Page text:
Production of a Human Recombinant Polyclonal Fab Antivenom against Iranian Viper Echis carinatus
Archives of Razi Institute: December 01, 2018, 73 (4); 287-294
December 01, 2018
Article Type: Journal Article
April 10, 2019
January 23, 2018
M H, Nikbakht Brujeni
M J, Zare Mirakabadi
A, et al. Production of a Human Recombinant Polyclonal Fab Antivenom against Iranian Viper Echis carinatus,
Arch Razi Inst.
Venomous snakebite is a life-threatening injury in many tropical and subtropical areas including Iran. The gold standard treatment option for human envenomation is the use of antivenoms. Despite the unique effects of horse-derived antivenoms on the treatment of snakebite, they are not fully perfect and need improvements. In this study, human recombinant Fab fragment antivenom was produced in Rosetta-g bacterium using a gene library constructed in the previous study. The prepared Fab was purified in several steps, desalted, and lipopolysaccharide-depleted using ammonium sulfate solution and dialysis against phosphate buffer and Triton X-114 solution, respectively. Subsequently, the product was initially confirmed by the sodium dodecyl sulfate polyacrylamide gel electrophoresis and enzyme-linked immunosorbent assay (ELISA), respectively. Finally, the neutralization potency of the product was investigated in laboratory Syrian Mice. The obtained results showed corresponding reduced bands to Fab fragment with the molecular weight of about 28 kDa at a concentration of 3.1 mg/ml. There was a significant difference between the groups in terms of ELISA test (P<0.05). The neutralization potency of the product against the venom of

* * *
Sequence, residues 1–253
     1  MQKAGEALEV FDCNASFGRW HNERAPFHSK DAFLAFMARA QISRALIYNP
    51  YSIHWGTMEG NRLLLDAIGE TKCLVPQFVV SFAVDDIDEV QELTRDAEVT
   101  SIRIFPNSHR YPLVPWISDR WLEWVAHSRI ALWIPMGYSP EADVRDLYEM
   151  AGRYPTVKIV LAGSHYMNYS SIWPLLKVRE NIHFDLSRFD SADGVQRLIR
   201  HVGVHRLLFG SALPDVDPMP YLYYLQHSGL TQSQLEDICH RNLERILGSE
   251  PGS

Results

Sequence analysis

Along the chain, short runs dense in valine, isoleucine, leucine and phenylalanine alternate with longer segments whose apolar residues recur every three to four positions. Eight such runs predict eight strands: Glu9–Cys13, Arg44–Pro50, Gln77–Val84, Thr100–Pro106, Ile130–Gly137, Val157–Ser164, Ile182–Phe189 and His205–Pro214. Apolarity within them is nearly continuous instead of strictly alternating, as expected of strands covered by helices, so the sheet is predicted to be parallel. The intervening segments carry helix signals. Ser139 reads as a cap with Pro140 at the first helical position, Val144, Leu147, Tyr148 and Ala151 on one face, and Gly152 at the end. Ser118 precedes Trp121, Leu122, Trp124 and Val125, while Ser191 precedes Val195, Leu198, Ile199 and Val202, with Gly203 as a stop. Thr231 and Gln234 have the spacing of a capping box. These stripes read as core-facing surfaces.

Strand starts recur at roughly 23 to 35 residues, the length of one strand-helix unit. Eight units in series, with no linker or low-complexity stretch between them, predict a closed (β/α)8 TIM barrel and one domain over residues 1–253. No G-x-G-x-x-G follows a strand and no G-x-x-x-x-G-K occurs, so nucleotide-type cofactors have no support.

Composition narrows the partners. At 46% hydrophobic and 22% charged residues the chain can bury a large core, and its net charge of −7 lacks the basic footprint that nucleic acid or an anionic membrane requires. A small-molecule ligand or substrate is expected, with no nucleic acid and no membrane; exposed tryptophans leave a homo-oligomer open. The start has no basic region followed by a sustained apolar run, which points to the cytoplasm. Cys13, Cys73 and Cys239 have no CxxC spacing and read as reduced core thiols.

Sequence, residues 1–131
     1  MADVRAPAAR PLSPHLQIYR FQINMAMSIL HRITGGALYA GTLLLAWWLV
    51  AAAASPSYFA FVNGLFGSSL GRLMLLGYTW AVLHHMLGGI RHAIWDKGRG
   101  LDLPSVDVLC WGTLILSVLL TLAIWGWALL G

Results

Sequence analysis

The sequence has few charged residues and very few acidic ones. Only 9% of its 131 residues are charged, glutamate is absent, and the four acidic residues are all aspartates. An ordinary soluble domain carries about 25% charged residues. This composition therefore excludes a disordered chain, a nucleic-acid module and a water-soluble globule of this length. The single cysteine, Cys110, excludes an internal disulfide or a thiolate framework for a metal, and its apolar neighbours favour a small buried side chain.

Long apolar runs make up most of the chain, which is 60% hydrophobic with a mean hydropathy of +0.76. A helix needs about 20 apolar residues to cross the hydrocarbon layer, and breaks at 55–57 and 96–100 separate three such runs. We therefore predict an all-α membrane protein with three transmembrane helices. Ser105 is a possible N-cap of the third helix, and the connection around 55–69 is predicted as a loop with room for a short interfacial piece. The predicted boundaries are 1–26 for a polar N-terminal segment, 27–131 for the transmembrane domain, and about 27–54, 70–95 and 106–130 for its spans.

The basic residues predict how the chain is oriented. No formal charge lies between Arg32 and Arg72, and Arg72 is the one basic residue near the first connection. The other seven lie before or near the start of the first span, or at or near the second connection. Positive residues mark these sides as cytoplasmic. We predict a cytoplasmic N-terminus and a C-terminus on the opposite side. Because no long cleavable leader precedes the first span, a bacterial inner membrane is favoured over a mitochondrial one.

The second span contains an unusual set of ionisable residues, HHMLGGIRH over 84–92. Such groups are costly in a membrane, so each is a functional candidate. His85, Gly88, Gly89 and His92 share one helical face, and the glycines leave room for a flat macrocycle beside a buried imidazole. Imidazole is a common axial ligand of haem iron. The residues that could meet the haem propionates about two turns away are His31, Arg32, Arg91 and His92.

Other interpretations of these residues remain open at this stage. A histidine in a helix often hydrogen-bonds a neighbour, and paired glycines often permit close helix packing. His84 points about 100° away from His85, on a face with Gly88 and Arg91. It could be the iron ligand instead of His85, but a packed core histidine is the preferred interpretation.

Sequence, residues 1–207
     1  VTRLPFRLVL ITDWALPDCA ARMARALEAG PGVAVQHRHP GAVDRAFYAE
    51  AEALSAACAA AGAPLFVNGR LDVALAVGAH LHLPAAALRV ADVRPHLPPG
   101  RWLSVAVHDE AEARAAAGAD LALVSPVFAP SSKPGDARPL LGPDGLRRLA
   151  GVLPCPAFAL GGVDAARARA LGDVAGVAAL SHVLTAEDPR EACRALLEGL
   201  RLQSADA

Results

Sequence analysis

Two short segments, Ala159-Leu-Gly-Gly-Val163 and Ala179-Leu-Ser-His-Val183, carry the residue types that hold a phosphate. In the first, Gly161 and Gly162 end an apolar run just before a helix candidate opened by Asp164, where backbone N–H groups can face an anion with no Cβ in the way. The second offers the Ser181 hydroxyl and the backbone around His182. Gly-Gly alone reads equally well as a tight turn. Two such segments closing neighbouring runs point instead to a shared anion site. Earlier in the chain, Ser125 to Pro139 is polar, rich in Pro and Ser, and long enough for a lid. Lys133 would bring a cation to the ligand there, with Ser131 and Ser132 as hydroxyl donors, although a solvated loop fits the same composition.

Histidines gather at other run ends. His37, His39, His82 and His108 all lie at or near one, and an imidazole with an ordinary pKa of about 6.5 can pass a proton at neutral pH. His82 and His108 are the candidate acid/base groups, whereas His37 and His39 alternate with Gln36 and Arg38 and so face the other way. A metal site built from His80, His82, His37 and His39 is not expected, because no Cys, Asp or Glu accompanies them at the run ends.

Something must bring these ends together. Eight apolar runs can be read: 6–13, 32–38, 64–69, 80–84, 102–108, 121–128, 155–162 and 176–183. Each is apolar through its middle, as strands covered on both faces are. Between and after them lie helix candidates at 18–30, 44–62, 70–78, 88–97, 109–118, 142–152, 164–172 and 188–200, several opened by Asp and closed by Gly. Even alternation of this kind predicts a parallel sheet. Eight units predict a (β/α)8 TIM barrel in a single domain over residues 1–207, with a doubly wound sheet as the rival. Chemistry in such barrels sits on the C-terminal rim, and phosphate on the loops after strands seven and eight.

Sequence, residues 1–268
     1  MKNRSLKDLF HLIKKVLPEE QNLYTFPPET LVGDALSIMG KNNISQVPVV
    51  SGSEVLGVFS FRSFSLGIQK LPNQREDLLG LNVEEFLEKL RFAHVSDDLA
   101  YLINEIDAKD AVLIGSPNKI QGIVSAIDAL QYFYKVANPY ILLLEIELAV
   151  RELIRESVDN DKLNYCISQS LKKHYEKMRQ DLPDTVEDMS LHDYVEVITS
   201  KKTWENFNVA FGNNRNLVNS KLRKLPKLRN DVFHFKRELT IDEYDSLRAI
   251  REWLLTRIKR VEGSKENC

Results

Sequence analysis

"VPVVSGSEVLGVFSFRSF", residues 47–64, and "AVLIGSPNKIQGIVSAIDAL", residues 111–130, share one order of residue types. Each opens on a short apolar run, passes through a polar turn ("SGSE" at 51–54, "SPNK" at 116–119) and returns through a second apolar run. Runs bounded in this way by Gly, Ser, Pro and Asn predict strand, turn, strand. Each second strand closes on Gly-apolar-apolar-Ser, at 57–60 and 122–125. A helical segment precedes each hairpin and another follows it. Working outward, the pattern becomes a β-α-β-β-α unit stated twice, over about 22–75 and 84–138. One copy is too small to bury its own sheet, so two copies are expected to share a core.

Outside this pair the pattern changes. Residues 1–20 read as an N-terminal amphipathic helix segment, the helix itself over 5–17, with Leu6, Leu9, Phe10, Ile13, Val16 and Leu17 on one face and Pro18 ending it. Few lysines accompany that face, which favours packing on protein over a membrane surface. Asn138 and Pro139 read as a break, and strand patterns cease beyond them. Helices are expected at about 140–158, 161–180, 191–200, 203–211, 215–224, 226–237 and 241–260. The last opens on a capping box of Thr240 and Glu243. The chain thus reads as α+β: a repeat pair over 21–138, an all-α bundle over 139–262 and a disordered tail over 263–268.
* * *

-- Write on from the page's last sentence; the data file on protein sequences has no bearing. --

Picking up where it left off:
Echis carinatus ( E. carinatus) was about 7 LD50/ml (54.6 µg/ml) when tested on mice. Based on the results, the Fab fragment antivenom had the ability to neutralize the in vivo biological activity of the venom of Iranian E. carinatus. However, further studies are recommended to reach a suitable concentration of antivenom fragment.
© 2018, Archives of Razi Institute. Razi Vaccine and Serum Research Institute.